James Shaw standing in front of a building: Photograph: Hagen Hopkins/Getty Images


© Provided by The Guardian
Photograph: Hagen Hopkins/Getty Images

When Green party leader, James Shaw, apologised for backing the use of public funds for a private school last week, he ventured down a well-trodden path of the political mea culpa to save his own skin before October’s election. While he’s not the first person to row back a policy in New Zealand politics, or during this Covid pandemic, whether he survives may have as much to do with how he manages the public’s perception of him as a leader, as it does with the nature of his mistake.



James Shaw standing in front of a building: James Shaw came under fire for effectively backing a private school with public funds.


© Photograph: Hagen Hopkins/Getty Images
James Shaw came under fire for effectively backing a private school with public funds.

Of the current party leaders in the New Zealand parliament, James Shaw is probably the least comfortable public communicator. Over his parliamentary career he has never shown much understanding of the art of

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James Shaw contradicts Chris Hipkins on implicit approval in leaked video

A leaked video of last week’s Green Party crisis call shows James Shaw claimed the controversial Green School funding was given “verbal sign-off” by Minister of Education Chris Hipkins.

The comments contradict Hipkins who’s repeatedly stated he did not back the proposal.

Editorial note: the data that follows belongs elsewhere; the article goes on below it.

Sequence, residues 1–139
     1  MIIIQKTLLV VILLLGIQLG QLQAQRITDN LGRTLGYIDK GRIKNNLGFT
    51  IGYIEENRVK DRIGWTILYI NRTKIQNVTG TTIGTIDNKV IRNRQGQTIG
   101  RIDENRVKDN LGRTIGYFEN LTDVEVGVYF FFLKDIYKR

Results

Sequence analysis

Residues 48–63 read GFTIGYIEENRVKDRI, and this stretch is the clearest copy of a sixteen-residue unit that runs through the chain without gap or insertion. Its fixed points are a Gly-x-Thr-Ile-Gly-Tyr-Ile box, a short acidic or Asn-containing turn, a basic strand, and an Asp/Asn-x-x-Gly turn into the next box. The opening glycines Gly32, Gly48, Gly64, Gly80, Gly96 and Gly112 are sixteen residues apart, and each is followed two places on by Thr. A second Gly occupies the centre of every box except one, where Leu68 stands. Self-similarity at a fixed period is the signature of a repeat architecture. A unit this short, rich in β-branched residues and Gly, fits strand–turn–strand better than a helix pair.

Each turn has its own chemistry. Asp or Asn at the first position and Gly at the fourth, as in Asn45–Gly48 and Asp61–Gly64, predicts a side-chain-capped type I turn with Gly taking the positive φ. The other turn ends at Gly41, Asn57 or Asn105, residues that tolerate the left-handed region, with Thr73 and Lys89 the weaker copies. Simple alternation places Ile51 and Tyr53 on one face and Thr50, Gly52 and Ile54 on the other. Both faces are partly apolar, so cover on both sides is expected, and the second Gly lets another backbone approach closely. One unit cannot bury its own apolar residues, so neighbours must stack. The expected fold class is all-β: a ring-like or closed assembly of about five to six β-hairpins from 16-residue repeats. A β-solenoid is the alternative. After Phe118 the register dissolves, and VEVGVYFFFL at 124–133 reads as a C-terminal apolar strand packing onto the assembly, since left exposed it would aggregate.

RNZ has been sent footage of the Friday night Zoom meeting in which Shaw sought to assuage party members who were furious at his advocacy for a nearly $12 million funding package for the private Green School in Taranaki.

In the video clip, Shaw tells members that Hipkins “wasn’t intimately involved in the decision” but gave it tacit approval in a conversation.

“He did, sort of, give at least a verbal sign-off to the project,” Shaw said.

“He did say that – assuming everything else being equal – as long as the funding partner is the [New Plymouth District] Council, which it is, that he was okay with

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James Shaw apologises for signing-off on funding for ‘green’ private school



James Shaw wearing a suit and tie


© RNZ / Dom Thomas


Green Party co-leader James Shaw has apologised to members for signing-off on funding for a private school.



James Shaw wearing a suit and tie: Green Party co-leader James Shaw


© Provided by Radio New Zealand
Green Party co-leader James Shaw

James Shaw said he is working to find a solution. Photo: RNZ / Dom Thomas

The climate change Minister approved nearly $12 million for the ‘green’ school in Taranaki, despite his party’s stance not to fund private schools.

The money came from the government’s $3 billion ‘shovel ready’ projects fund.

Green School New Zealand, which opened in February, charges up to $24,000 a year for local students and up to $43,000 a year for international students.

The school has about 50 students, half of whom come from overseas. The funding is designed to expand the school’s capacity from 120 to 250 students.

Shaw apologised to members in a Zoom meeting last night, saying he would not make